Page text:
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McLetchie: Scottish Conservatives are on the way up

Speech to Scottish Conservatives Autumn Conference 2003


Much has happened since we last met and I want to thank everyone in this hall for all their efforts in the recent Scottish Parliament and local elections. I know that, in the recent past, electioneering has not always been a happy or fulfilling experience for Conservatives in many parts of Scotland. However, the good news is - it's getting better all the time.

I said on the night of my election as the MSP for Edinburgh Pentlands that it was the fulfilment of one of my lifetime ambitions. However, it is not what it means to me that matters, but what it means for our Party. I have been a member of the Scottish Conservative Party for longer than I care to remember. Like all of you, it is a badge I wear with pride because I believe in the values and principles which our Party represents and I believe that policies founded on those principles are the best way to improve the lives of every single person living in Scotland today.

That's why I am delighted that May 1st 2003 was another vital step forward for our party. This was certainly not what the commentators, the pollsters and other prophets of doom expected. But they were wrong, wrong, wrong.

The truth is that Scottish Conservatives are made of sterner stuff. Let's be honest, we've had to be. However, by winning three seats first past the post in the Scottish Parliament, increasing our share of the vote for the first time in a Scotland-wide election since 1992 and increasing the number of Tory councillors we have shown we are here to stay.

However, this is no time for resting on the few laurels we have won so far. May 1st should be seen, not as an end in itself, but only as a stepping stone. Our goal must be to implement our agenda for Scotland and that can only happen if we are once again a party of government. That is the real victory we seek and there is still much work to do.

Relegate the SNP

Our next task is to overtake the SNP and become the second party in Scotland in terms of seats and votes - that is the challenge which I am setting for our Party today. It is a goal that is now well within our grasp. A reliable poll - in other words one not done by System 3 for the Herald - a reliable poll shows us neck and neck with the SNP and our support running at over 20 per cent in Scotland for the first time in over 10 years.

The Scottish Conservatives are on the way up - the SNP are on the way down.

This is good news for us and good news for Scotland, as there is a desperate need for an official opposition that is also an effective opposition. The SNP has failed to hold the Executive to account and it has even more clearly failed to offer an alternative agenda to that of the Labour/Liberal Democrat government in Scotland.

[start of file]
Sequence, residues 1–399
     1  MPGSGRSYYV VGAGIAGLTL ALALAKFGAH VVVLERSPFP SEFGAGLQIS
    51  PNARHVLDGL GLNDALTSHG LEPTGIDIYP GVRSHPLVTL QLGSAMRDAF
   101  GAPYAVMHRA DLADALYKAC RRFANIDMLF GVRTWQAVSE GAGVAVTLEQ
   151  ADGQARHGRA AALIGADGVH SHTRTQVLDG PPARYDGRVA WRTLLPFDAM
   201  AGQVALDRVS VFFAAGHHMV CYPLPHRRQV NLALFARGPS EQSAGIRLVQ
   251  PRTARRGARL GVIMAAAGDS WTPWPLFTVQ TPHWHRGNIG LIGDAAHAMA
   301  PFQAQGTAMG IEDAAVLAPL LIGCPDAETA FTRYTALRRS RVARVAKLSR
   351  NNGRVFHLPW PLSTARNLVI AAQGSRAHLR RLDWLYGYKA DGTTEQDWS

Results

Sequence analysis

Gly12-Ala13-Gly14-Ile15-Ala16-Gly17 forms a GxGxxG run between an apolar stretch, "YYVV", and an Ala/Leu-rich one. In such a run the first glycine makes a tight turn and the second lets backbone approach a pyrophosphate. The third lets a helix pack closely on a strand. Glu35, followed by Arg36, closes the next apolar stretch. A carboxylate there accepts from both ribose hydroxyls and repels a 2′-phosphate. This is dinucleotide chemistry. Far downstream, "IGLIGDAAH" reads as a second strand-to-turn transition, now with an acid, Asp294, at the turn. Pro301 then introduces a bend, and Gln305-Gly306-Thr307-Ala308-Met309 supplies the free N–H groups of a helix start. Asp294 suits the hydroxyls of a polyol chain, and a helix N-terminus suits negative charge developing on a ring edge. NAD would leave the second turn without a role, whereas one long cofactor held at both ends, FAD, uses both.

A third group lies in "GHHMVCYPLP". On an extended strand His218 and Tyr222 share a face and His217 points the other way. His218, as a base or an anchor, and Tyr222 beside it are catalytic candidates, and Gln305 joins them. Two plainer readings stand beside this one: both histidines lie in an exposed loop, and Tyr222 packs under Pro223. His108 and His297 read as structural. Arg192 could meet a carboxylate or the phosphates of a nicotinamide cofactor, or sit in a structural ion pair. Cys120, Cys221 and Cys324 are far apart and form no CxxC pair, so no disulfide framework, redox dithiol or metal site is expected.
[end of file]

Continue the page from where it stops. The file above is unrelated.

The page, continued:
Taking this next step would free Scotland from the sterile constitutional debate that will remain our staple political diet unless we can sideline the SNP. For the SNP, every issue is viewed through a constitutional prism, with independence as the universal panacea for all ills. This simplistic nostrum has served only to distract attention from the real issues facing Scotland today.

If any further evidence were needed to prove that relegating the SNP to the sidelines of Scottish politics is in Scotland's interests, just look at the divisions in the party, which have led to the current leadership contest.

It has led to the unedifying spectacle of John Swinney climbing aboard the Dungavel bandwagon. The irresponsible way in which he has vied with the Scottish Socialists on this issue for cheap headlines shows why he is unfit to lead. He has allowed his selfish interests to cloud his judgement and used the asylum issue to shore up his position with his own left wing party activists. Such cynical opportunism is exactly why politicians and the political process are held in such low regard by the public.

And it's about time John Swinney grew up and stopped accusing his political opponents of racism in relation to asylum. There are approximately 370 million people in the EU at present. Each and every one of them is free to live and work in the UK, just as our citizens are free to live and work in their countries. 116,000 people were granted permanent settlement in this country last year. Another 120,000 work permit holders and their families were also admitted. And the number of international students who came here to study increased to 369,000. All this sounds to me like a country which welcomes people from all over the world - a country of which I am proud to be a citizen. It doesn't bear much resemblance to the racist country of Mr Swinney's fevered imagination.